Thursday, November 19, 2009



When I studied property law, I learned the word "externality." Before law school, I understood the word to mean what it says: "external to something else." But I soon found out that in the law, words do not always mean what they say in plain English. No, they function as shorthand for other concepts. And sometimes those concepts bear no relationship at all to the word that signifies them.

In both legal and economic terms, an "externality" refers to the effect on others when two people conduct a lawful transaction. It also refers to the effect on others when one person lawfully uses his land. To be blunt, "externalities" mean the shit everyone else has to endure because others act within their legal rights. After all, the law empowers certain people to act in more sweeping ways than others. An oil company has much more power to act in sweeping ways than some private farmer next door. And when more powerful people act within their rights, they can produce an enormous--though not intentional--effect on others' lives.

In property law, "externalities" are both obvious and subtle. As a general rule, our society holds up land ownership as a talisman. Everyone strives to own his own patch of earth to do as he wills with it. Yet by "doing what he wills" with his own land, our archetypal landowner may unintentionally injure someone else. How can this be? Well, what if he wants to open an industrial tannery on his land? He's master of his land, right? He wants to make money on his land, right? Isn't that what we're supposed to do in America, make as much money as possible from our land?

If he opens a tannery, he exercises his rights as a property owner. Yet he makes noise, produces foul odors and makes life miserable for everyone else around him. Those are externalities that flow from his lawful land use.

He's not breaking the law; he's living the American dream. Problem is, when some people live their American dream, they give people around them nightmares. That's what externalities are all about.

But I'm not writing today to put down property owners. As a cynic, I am prepared to believe that most people will use their land only to enrich themselves. If they make everyone else's life difficult in the process, they could care less. As long as they don't face a nuisance suit for using their land as they wish (ie, that would cost more money than merely continuing the objectionable land use), they will keep on using it in a way that brings in the most cash. That's American life: Cost-benefit analysis. Effects on others rarely come into the equation unless those effects would result in greater costs than benefits. Even courts subscribe to this view. They won't let a few poor neighbors complain about pollution from a nearby auto plant because the auto plant keeps people employed. Sure, the land use might be horrible--and it might make the neighbors' existence miserable--but their suffering is a "bearable cost" given the "ultimate benefits" that flow from it. Shutting down the auto plant might solve the neighbors' ills, but it would cost hundreds more their jobs. So the law lets the more powerful landowner use his land as he pleases, externalities or not. That's just the way our society values things.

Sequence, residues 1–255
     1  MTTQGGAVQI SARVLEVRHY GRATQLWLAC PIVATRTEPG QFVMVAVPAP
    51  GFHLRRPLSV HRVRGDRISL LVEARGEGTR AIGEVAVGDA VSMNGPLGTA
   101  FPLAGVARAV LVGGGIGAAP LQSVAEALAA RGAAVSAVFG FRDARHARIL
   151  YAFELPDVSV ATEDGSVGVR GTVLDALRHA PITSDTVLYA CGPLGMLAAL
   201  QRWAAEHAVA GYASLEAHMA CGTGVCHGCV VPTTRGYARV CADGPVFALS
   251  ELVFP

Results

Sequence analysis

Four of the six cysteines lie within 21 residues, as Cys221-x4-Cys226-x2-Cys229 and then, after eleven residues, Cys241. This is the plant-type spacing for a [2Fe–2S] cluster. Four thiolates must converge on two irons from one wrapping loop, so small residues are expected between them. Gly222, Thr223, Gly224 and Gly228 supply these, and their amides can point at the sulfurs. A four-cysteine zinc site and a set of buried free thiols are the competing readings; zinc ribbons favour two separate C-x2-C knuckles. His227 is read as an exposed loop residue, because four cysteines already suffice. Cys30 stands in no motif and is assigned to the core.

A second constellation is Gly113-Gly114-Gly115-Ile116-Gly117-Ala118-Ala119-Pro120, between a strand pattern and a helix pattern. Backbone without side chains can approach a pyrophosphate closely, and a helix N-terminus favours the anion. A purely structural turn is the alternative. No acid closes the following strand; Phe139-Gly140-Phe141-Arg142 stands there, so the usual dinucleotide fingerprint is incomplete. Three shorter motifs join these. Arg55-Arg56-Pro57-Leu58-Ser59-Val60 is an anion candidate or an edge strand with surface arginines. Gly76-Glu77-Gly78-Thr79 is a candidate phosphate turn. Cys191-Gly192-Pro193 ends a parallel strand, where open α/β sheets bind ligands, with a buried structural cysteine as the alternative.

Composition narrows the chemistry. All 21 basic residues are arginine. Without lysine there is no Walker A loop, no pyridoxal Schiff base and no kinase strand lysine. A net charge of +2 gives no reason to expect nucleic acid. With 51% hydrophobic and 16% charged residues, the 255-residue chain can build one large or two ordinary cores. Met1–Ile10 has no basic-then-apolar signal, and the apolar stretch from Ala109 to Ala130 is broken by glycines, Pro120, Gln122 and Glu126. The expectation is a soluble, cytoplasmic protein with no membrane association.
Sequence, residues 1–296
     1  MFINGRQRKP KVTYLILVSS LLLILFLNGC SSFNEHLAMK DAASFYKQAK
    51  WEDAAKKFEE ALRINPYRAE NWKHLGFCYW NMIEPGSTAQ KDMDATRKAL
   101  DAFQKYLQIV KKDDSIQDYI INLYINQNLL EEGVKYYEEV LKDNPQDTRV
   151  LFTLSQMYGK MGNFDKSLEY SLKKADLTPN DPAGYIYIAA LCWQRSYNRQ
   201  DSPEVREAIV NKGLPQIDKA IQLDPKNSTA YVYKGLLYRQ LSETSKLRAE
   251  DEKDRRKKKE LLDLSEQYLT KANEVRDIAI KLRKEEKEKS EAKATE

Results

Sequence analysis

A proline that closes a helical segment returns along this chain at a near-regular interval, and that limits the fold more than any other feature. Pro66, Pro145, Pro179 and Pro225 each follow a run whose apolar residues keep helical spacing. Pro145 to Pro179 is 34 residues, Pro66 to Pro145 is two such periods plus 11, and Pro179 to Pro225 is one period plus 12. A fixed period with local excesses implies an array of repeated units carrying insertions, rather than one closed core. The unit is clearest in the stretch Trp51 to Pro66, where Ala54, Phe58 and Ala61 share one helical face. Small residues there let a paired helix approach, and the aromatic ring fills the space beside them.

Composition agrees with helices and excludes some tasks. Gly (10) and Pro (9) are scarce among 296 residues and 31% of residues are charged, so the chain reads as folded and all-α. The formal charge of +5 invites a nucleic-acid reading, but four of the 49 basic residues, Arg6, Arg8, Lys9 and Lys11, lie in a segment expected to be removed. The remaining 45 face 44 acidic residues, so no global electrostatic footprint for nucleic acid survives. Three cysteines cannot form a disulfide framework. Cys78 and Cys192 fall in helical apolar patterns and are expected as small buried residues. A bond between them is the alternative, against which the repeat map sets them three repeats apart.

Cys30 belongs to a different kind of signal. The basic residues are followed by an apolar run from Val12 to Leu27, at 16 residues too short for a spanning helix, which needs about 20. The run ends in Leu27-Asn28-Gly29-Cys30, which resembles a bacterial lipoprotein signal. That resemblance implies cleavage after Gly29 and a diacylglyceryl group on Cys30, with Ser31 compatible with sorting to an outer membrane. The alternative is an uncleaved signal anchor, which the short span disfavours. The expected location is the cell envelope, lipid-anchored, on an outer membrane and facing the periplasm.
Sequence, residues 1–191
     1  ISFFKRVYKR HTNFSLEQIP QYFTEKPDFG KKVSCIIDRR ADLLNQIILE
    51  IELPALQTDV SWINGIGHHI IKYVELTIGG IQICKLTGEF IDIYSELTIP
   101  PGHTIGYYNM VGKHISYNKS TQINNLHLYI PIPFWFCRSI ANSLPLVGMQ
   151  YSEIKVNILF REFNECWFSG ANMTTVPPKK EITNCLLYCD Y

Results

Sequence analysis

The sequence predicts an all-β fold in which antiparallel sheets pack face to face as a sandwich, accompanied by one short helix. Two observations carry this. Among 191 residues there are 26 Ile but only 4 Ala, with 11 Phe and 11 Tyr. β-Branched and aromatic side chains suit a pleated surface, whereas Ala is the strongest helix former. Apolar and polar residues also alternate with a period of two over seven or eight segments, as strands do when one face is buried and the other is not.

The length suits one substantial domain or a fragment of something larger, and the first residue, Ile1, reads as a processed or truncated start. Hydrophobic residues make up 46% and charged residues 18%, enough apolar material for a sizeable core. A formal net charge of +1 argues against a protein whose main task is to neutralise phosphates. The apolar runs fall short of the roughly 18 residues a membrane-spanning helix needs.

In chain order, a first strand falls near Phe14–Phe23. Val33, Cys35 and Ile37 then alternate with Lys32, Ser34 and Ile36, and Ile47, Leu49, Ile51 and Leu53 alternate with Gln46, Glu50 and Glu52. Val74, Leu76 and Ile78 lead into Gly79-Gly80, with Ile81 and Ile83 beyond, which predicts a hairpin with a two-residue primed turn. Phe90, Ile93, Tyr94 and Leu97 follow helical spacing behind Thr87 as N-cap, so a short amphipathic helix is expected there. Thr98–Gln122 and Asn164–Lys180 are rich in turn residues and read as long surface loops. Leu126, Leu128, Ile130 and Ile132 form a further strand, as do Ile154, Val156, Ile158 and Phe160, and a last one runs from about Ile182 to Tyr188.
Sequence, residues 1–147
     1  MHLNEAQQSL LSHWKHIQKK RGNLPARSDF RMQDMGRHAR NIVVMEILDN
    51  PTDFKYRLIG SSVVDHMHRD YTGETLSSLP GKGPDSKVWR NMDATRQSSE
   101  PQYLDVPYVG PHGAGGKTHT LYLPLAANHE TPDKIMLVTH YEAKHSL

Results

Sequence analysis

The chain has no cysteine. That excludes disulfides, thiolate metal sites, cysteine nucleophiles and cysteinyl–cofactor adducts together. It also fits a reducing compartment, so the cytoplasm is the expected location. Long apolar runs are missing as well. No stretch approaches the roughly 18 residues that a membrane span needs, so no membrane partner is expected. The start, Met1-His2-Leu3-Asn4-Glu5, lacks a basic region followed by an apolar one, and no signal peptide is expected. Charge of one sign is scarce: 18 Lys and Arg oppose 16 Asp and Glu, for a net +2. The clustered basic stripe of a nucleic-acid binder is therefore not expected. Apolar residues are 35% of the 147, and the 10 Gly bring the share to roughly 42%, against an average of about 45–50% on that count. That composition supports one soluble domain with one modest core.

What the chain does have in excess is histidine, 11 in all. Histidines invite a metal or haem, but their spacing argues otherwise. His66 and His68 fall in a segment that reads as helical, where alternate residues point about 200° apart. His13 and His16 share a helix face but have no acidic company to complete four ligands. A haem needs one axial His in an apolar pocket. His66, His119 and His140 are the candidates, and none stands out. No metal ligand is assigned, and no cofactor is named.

But externalities do not just exist in property law. They are all over our lives. After all, we are consuming animals. There are not enough resources to go around. By living well for ourselves--even innocently--we might deny others the chance to live well. For example, if a person gets sick, he becomes an externality on everyone who must care for him. His life drags others down with it. It imposes costs. It strains emotions. By living his life, he makes it difficult for others to live theirs.

In essence, sometimes just staying alive on this planet produces a burdensome effect on others. Every time one person enjoys a meal, he eats food that will not go to someone else who needs it. Every time one person falls in love with another, he denies that person's love to someone else who wants it. Every time one person gets a job offer, someone else had to get a rejection letter. Every time a corporate board awards bonuses to its members, it reduces the available funds for employee raises. Whenever a child is born, it imposes a staggering financial, emotional and social burden on the family.

These are all perfectly lawful things to do. Yet they produce negative effects on others' lives. People don't mean to produce these effects on others. People are simply trying to survive in a world that requires consumption. But these effects are inevitable because resources are limited. When one person succeeds, another must fail. When one person relaxes, another must toil.

Yet where would we be if we constantly worried about externalities? I think we must merely accept the fact that our continued existence will impose substantial difficulty on many people, both far and wide. To some extent, we must resort to selfishness in order to feed ourselves and to secure our bodily health. This may sound bleak. But if you think about it, human bodily existence is quite bleak. There is nothing grandiose about our biological processes: We eat, excrete, grow hair, breathe, make money, buy things, strive to experience positive emotions, have sex, groom ourselves and do our best to avoid pain. These are our "goals" as living creatures. And when we fulfill them, we necessarily impose costs on others. For every goal we reach, someone else did not make it.

True, we rarely want to make others suffer by pleasing ourselves. But that is the price of survival in a world of limited resources. We must simply accept the fact that our own quest for comfort and happiness in life impacts many other people.

No comments: